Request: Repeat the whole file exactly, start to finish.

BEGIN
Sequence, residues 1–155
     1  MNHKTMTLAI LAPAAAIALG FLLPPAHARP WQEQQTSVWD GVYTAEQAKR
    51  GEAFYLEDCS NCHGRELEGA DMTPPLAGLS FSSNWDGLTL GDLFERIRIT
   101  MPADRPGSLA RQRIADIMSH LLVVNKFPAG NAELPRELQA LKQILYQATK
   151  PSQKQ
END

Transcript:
Sequence, residues 1–155
     1  MNHKTMTLAI LAPAAAIALG FLLPPAHARP WQEQQTSVWD GVYTAEQAKR
    51  GEAFYLEDCS NCHGRELEGA DMTPPLAGLS FSSNWDGLTL GDLFERIRIT
   101  MPADRPGSLA RQRIADIMSH LLVVNKFPAG NAELPRELQA LKQILYQATK
   151  PSQKQ